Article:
Lot 3068. An important and very rare gilt-bronze figure of Avalokitesvara, Song dynasty (960-1279);  6 3/4 in. (17.1 cm.) high. Estimate HKD 2,000,000 - HKD 3,000,000. Price Realized HKD 2,180,000. © Christie's Images Ltd 2010 

The finely cast figure standing on a separate base of overlapping lotus petals, the hands in vitarka mudra, the hair swept up into a top-knot behind an ornate tiara above the full face and downcast eyes with a serene expression, the hair tied neatly with ribbons draped over both shoulders, the short outer skirt detailed with pleated folds partially concealing an inner long skirt falling in folds at the ground to reveal bare feet, Japanese lacquered double box.

Provenance: The Nitta Collection, Japan.

Exhibited: National Palace Museum, The Crucible of Compassion and Wisdom, Exhibition of Buddhist Bronzes from the Nitta Group Collection, Taipei, 1987, illustrated in the Catalogue pl. 139.

Note: Originally described as Korean and dated to the Koryo period, following the 1987 exhibition, the present figure was later deemed to be Chinese and dated to the Song dynasty on account of the very distinctive stylistic features of the headdress, facial expression and robes found only on Chinese figures of this period.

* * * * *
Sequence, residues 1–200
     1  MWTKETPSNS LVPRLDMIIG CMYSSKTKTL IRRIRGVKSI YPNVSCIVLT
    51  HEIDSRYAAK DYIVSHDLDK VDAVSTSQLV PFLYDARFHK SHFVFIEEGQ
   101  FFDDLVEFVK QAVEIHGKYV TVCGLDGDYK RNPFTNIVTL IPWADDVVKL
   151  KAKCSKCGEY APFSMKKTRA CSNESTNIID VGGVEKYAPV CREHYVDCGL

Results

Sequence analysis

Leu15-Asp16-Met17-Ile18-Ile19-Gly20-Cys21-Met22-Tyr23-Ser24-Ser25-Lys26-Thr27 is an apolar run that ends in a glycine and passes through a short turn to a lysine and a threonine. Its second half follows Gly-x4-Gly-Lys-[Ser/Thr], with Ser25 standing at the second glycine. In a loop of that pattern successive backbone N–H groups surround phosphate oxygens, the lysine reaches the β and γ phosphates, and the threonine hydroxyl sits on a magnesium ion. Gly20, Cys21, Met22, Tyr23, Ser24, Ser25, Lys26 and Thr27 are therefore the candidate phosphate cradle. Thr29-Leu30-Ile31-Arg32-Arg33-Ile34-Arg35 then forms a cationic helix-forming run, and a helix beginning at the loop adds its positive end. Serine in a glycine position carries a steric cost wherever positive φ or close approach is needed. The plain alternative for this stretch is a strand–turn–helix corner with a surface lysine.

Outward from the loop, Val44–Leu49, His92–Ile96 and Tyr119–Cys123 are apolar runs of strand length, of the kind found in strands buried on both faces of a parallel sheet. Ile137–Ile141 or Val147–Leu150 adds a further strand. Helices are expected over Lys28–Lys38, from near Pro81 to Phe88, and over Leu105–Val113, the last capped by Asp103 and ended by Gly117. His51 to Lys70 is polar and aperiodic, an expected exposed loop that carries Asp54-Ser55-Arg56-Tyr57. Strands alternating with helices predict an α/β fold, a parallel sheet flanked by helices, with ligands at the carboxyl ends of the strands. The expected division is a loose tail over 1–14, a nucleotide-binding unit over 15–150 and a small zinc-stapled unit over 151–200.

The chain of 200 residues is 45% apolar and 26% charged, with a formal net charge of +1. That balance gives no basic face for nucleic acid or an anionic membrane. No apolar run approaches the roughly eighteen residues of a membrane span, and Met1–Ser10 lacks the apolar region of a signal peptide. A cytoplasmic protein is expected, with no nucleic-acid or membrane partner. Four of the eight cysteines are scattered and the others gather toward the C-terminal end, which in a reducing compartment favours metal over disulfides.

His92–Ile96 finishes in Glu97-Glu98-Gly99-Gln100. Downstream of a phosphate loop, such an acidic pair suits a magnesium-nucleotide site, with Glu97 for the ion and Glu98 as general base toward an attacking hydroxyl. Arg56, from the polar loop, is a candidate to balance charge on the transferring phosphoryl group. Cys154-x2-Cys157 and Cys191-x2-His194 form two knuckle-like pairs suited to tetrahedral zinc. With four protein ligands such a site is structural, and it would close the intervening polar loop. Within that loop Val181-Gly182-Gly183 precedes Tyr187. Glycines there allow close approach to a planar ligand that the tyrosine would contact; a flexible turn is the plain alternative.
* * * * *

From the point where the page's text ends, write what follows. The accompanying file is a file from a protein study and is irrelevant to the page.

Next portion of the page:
The question over the origin of this figure arises because gilt-bronze figures dating to the Song dynasty are extremely rare and few related examples have been published. A gilt-bronze figure of the Watermoon Guanyin dating to the Song dynasty displaying very similar facial features and with the same treatment of the belt tying the robes at the waist in the Cleveland Museum of Art is illustrated in Hai-Wai Yi-Chen, Buddhist Sculpture, vol. 2, Taipei, 1986, pl. 149. Compare the facial expression and relatively flattened casting of the robes with those found on another figure of Avalokitesvara dated to the 10th/11th century sold at Christie's Hong Kong, 3 November 1998, lot 1011. Compare, also, a related seated bronze Maitreya Bodhisattva in the British Museum dated to the 11th century, included in the exhibition Buddhism Art and Faith at the British Museum, London, 1985 and illustrated in the Catalogue, p. 204, no. 294. Another, larger Bodhisattva dated to the Song dynasty with similarly rendered facial expression and robes in the Shanghai Museum Collection is illustrated in Ancient Chinese Sculpture Gallery, The Shanghai Museum, Shanghai, 1996, pl. 69.

Christie's. Important Chinese Ceramics and Works of Art, 1 December 2010, Hong Kong